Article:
Thursday, October 02, 2014

Who Is the Greatest?

The disciples approached Jesus and said, “Who is the greatest in the Kingdom of heaven?”  He called a child over, placed it in their midst, and said, “Amen, I say to you, unless you turn and become like children, you will not enter the Kingdom of heaven.  Matthew 18:1-3

In the face of the dangers (real and imagined) that we hear about daily, there may be no aspect of Catholic piety which is as comforting as the belief that an angel protects all of us from the dangers of ISIS, ebola, White House fence-jumpers, and people who will kidnap children and college students.  Lucky for us that “guardian angels” are not only for children.  They represent individuals before God, to watch over them always, to aid their prayer and to present their souls to God at death.  As we get older, we can rely on the hope of Job for these angels to steer us back onto the path which Jesus asks us to walk with Him.

Children – and protecting children -- play a pivotal role in Sacred Scripture.  In the Hebrew Bible, one of the central responsibilities for the ruler was to care for orphans and widows.  Thus, a mark of a great king was how the least powerful in the kingdom were treated. 

The dawning of the New Testament would challenge the people to live up to that same standard because when the Lord came into the world, he did not come as a powerful king but as a feeble, powerless child dependent upon others to make his way in the world. The challenge was to care for this baby who was the key to the hopes of our past, present and future.

Once Jesus started his ministry, we see him interact with children often and, like today, use children as the image and ideal for the greatest in the Kingdom.  The delivery of this lesson would puzzle the disciples because children had no power in ancient Palestine.  Dismissed also was the bickering between disciples about who would sit at the right and left hand of the Lord in heaven.  Jesus, instead, wants them (and by extension us) to aspire to be like children, not like the rich and the powerful.

How did they do?  Did the disciples take on this mantle of innocence and obedience?  We get a hint at that answer in John 21.  After being locked in the upper room and failing to go out in the world and preach the Good News, Peter announces that he is going fishing instead.  The other disciples follow him.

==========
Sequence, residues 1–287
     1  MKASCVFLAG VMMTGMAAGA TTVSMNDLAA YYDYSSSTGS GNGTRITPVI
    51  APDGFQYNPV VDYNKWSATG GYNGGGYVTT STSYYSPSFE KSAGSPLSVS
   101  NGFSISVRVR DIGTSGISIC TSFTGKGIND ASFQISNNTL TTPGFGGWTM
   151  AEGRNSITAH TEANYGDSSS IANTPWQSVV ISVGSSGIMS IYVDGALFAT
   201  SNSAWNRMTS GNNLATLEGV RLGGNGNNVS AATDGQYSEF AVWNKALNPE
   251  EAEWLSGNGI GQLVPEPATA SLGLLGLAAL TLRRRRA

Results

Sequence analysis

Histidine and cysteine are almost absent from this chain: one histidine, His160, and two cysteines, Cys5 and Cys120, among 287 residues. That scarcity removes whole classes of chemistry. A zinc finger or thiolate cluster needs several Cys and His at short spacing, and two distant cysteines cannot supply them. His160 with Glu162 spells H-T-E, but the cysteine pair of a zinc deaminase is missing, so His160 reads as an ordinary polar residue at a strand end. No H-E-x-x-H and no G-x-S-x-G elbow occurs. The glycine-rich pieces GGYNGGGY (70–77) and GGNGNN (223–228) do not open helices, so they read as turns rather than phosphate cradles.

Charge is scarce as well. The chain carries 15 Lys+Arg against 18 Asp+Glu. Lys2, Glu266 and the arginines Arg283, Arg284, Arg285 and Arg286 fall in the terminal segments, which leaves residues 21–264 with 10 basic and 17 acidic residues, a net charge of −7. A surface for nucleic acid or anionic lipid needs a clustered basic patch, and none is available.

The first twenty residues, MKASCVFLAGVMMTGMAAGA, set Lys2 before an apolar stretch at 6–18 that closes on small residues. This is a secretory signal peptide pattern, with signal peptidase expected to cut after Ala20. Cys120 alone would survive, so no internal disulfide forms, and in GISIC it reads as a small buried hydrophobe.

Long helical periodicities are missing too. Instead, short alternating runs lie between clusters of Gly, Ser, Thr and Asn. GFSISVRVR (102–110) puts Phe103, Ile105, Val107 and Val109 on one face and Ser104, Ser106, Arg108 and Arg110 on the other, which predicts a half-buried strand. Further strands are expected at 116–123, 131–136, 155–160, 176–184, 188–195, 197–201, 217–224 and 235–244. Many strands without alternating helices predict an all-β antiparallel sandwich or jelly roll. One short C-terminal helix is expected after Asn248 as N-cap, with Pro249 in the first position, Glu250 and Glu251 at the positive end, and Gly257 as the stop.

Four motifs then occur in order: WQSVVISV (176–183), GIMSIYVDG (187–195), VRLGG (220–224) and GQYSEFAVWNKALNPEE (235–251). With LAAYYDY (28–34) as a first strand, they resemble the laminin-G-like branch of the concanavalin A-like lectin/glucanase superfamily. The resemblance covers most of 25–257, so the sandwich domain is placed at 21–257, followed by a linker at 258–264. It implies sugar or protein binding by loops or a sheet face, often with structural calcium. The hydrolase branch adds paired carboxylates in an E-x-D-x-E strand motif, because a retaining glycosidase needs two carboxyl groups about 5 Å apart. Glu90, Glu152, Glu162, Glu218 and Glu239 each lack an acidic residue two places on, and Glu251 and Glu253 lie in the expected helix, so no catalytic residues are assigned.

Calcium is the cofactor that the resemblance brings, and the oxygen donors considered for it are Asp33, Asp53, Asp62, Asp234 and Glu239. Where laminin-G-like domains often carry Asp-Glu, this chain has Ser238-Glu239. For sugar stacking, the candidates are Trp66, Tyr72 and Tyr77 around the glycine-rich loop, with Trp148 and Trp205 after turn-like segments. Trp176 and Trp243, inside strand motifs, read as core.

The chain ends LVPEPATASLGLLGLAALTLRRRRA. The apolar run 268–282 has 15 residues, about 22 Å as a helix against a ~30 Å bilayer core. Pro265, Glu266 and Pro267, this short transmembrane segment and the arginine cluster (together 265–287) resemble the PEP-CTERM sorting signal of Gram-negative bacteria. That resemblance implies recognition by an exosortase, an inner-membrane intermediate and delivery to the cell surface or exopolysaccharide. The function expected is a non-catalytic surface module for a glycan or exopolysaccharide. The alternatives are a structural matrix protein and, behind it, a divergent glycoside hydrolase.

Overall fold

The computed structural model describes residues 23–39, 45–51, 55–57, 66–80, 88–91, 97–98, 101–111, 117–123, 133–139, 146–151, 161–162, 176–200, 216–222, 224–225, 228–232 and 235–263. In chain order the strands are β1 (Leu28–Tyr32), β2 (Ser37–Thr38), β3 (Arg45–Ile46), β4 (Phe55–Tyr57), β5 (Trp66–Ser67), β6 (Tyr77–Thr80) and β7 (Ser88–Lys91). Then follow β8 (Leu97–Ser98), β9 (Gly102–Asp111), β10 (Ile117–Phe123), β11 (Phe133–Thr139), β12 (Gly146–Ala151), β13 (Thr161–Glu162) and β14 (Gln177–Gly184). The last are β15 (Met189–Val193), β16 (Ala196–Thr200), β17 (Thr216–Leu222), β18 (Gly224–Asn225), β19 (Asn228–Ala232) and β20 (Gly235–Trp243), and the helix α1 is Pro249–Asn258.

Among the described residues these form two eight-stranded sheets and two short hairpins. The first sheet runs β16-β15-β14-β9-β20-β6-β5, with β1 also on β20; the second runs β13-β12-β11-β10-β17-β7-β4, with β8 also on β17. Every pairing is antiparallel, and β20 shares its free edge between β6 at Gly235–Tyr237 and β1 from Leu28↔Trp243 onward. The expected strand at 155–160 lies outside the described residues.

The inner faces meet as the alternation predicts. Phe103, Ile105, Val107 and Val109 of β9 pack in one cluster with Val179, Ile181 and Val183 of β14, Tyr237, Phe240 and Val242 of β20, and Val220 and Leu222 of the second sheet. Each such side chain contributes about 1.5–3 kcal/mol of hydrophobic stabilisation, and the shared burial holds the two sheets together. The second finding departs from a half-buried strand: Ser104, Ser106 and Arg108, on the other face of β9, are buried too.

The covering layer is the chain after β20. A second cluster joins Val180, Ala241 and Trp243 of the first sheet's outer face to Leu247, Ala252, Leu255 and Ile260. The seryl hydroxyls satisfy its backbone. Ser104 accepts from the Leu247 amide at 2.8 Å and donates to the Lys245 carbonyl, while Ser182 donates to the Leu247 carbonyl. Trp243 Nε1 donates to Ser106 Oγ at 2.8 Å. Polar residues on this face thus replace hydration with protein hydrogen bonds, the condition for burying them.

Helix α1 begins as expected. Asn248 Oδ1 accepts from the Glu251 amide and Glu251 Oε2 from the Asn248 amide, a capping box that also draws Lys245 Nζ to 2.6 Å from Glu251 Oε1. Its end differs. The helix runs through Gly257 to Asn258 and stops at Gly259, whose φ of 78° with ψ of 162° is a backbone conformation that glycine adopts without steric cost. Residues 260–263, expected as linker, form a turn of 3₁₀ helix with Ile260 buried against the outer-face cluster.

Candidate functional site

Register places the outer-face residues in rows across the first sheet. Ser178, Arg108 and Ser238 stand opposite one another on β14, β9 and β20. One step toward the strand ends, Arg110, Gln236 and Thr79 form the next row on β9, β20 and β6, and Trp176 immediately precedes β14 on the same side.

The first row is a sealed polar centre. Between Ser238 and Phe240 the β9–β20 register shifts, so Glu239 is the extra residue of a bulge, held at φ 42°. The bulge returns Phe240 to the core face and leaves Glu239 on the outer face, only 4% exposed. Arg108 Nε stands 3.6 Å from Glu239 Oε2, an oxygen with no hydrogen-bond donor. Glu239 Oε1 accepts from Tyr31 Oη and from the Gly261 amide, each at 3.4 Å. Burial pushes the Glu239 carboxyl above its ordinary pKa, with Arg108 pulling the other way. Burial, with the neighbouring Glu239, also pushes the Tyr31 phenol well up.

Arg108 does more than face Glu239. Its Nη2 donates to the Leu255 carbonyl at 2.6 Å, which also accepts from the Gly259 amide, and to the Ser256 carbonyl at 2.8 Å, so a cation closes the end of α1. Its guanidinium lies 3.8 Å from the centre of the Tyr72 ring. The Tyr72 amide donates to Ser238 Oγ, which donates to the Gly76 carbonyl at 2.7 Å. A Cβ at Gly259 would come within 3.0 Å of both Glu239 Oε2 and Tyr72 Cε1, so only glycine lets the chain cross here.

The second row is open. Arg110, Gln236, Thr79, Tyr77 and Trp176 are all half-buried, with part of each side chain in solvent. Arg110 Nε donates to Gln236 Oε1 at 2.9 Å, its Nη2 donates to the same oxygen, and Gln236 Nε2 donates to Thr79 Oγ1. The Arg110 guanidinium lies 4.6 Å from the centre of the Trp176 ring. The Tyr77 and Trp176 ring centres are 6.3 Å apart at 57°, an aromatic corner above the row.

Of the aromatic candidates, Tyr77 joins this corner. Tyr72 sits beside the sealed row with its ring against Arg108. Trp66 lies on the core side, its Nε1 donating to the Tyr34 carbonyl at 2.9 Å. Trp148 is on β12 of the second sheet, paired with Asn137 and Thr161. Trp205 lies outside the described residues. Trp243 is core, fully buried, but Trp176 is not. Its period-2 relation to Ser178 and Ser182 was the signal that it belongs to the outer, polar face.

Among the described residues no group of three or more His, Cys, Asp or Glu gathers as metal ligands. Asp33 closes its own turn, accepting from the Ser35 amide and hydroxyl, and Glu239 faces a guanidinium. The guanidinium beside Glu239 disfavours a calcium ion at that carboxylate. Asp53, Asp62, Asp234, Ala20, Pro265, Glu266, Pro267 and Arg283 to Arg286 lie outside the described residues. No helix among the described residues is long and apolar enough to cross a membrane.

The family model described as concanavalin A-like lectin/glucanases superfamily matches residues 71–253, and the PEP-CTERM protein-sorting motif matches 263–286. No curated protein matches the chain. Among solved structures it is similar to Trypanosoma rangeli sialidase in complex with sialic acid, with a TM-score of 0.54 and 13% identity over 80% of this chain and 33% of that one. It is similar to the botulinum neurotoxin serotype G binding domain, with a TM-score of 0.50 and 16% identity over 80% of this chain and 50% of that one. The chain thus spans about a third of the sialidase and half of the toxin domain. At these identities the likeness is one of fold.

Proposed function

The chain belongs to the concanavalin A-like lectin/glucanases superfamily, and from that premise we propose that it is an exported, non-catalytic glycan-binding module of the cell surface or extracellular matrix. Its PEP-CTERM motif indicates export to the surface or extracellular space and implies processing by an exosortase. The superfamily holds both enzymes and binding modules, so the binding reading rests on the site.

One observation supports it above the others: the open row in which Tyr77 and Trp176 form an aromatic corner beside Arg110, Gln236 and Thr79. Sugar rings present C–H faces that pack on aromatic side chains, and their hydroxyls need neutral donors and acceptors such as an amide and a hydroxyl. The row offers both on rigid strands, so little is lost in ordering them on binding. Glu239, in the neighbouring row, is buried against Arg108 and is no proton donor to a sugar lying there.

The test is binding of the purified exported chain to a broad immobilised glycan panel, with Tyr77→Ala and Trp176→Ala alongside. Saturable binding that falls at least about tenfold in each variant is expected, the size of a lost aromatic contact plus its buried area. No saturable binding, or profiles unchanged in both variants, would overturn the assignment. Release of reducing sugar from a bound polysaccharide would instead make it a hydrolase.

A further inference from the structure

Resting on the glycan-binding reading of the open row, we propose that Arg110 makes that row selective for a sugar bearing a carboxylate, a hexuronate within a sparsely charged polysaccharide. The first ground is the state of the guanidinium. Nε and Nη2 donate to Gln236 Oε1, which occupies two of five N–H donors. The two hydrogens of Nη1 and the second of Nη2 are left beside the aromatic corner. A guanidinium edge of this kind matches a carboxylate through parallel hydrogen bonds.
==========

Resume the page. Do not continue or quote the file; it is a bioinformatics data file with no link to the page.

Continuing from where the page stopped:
So they went out and got into the boat, but that night they caught nothing.  When it was already dawn, Jesus was standing on the shore; but the disciples did not realize that it was Jesus.  Jesus said to them, “Children, have you caught anything to eat?”  They answered him, “No.” (John 21:3-5)

Jesus addresses the boatful of his disciples as “children.”  He recognizes that after the fire of experience, they are ready for greater things.  Rather than looking back at what has transpired – the witness of his public execution, the fear and denial, and the failure to follow his instructions, Jesus has not given up on them.  Jesus gives them another command.  This time, they follow without question, even though as experienced fishermen who have spent an unproductive night on the lake with their nets, they should be dubious of this stranger on the beach.  The disciples put aside the pride of experience.  They do not say, “Who are you to tell us to keep fishing.  With all of our experience, we know it will fail.  Instead, they obey and meet with great success.   

Popular culture wants us to be “like Mike” (a la Michael Jordan) if we just buy the right shoes, suits or shirts.  It holds up the multi-million dollar bonuses of the Wall Street titans to tempt us.  Then, it ranks the best college degrees to prepare us for such lucrative careers.  In my case, that message came about 40 years too late.  Popular culture, the media and big advertising tells us to search out the end of year deals on a bigger, brighter, fancier car, truck or minivan.  They serve up the latest technology promises to deliver us from our dreary existence until the operating system crashes and our private data is stolen.
Yet none of this gets us on the path Jesus teaches today.  What will it take for us to be like children? 

In some ways, advanced age brings about that level of dependence.  When we no longer have the strength of mind nor body, we must surrender to others to care for ourselves – like the anaweim (poor widows and orphans) in the Bible. 

However, rather than waiting for time to take its toll, we have to put aside our wealth, our professional careers, our pride, and our possessions among other things in order to take on the demeanor of children of God. 

What possessions and characteristics are you ready to let go?  If change is the end result of what we learn, how will you change as you consider the lesson Jesus taught today?

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